The Accountability of Love
“Simon, son of John, do you love me?”–John 21:16
“Doesn’t forgiveness let people off the hook ?, ” I am regularly asked; “What will make someone accountable for their actions if they are forgiven before they actually change?” This leads to many fruitful discussions. For the purpose of this post, let me cut to the chase: It is my clear assertion that nothing in the world calls us to rise to accountability more strongly than love.
By the advent of John 21, the resurrected Jesus has appeared to Simon Peter and his companions twice, as well as to Mary Magdalene. Jesus has risen, in-deed! And now it is time for Simon Peter to rise. The Galilean seashore, where the journey of discipleship began, will be the setting where this passionate and conflicted “learner” of Jesus will have the “stone” that has entombed his spirit rolled away!
Simon Peter and six of his companions have finally left Jerusalem and made the trek back home to the familiar environment of Galilee. They do so having already had the risen Christ twice draw close to them. The first time was on the evening of Easter, where despite the good news of the empty tomb Peter and the others had remained locked away in their fear. Jesus penetrated the closed space, and offered them his peace, breathing the Holy Spirit- his spirit- into them. With these gifts came a commission: “As the Father has sent me, so I send you.” Nevertheless, they were contained in the very same room a week later when he returned to be among them once more and to invite Thomas to touch his wounds. The intimate encounter brought the Twin, who had been absent before, to his knees. “My Lord and my God!,” Thomas shouted.
Inspired and included, they were all released to go back to the familiar terrain of their life-giving ministry with Jesus, filled with the good news of resurrection to share with every longing person. The story is not over! For any of us! But now, having arrived, they aren’t speaking to anyone and they don’t seem to know what to do with themselves. In fact, Simon Peter and the others try to go back to life as they knew it before Jesus had called them. “I’m going fishing,” the restive Simon declares; “We’ll go with you,” the others quickly reply. But it is a dead-end: “They went out and got into the boat, but that night they caught nothing. (21:3b)”
Meeting with a youthful group of emerging disciples last week, we read very deliberately through the vivid narrative. They noted that Simon Peter is the same disciple who denied that he knew Jesus when confronted in the high priest’s courtyard with evidence of their love. Our consideration was compassionate. I was reminded that the only reason Simon was in the courtyard was because he risked following Jesus and the police who arrested him to that dangerous place. “You couldn’t really expect him to admit he knew Jesus there,” one of the young people said; “He probably would have been arrested and killed, too.”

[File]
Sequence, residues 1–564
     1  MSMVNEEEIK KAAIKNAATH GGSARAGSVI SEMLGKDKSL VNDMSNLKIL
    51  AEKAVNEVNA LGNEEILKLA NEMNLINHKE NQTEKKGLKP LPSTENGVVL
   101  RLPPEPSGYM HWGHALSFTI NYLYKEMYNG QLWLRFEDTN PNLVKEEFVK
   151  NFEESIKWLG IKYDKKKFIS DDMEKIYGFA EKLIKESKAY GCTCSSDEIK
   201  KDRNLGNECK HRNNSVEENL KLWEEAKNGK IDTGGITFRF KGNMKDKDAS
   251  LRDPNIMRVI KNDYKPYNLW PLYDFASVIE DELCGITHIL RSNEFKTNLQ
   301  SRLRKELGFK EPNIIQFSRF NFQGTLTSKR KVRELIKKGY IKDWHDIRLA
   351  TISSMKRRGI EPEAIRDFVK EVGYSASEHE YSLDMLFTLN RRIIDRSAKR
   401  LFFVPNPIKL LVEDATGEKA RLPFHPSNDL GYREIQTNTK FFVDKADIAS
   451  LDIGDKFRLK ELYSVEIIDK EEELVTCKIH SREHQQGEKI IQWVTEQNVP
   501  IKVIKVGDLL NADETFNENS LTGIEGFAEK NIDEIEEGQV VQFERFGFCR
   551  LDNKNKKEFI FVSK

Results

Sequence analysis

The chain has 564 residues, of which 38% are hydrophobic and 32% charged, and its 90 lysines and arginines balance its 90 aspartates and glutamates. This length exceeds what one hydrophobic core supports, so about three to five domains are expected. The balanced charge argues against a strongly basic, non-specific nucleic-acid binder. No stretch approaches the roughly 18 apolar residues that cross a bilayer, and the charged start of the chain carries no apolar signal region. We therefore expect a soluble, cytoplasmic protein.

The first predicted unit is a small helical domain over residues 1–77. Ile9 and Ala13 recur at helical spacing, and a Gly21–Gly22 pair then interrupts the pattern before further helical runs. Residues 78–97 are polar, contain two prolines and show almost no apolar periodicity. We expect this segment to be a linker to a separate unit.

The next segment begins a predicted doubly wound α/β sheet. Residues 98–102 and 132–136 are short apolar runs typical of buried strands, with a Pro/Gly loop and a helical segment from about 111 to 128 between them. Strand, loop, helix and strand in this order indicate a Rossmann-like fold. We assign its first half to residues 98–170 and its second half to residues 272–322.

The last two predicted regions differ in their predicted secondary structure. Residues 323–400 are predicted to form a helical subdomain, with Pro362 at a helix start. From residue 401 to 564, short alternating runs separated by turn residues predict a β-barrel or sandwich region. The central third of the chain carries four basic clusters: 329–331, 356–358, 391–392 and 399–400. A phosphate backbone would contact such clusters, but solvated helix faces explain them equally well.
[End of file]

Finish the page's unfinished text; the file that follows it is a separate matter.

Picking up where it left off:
I look at the other names on the list: (1) Thomas, the fellow who was very skeptical when the heard the testimony of others about the risen Jesus; (2) Nathanael of Cana of Galilee, whose initial response to Jesus was, “Can anything good come from Nazareth?”; (3) the Zebedee boys, the ones who ignored Jesus’ heartfelt expression about the path to the cross while they argued over whether they would get prime posts in the new administration.
As I was wondering out loud why beloved people who have been blessed repeatedly with Jesus’ new life and have had his spirit breathed into them would struggle so mightily, a couple of the young people speculated that for Simon Peter (and perhaps the others, too) there may be some conflicted feelings about Jesus’ re-appearance. “If Jesus is alive, and Simon Peter has to face him, he’ll have to face himself, too.” Wow. Clearly the disciples have rejoiced for Jesus, but they also seem to be hiding from him. The continuing struggle is in their own guts! Is this why Simon and the others seem stuck?
Is it possible that we in the church can be ambivalent about Jesus’ presence among us, too? That someone like me can honestly rejoice at Easter, experiencing joy at the news of the empty tomb and Jesus’ unfettered movement through the world . . . while being discomforted at the ways my life own remains closed ? There is a journey of reconciliation here that extends beyond Sunday morning!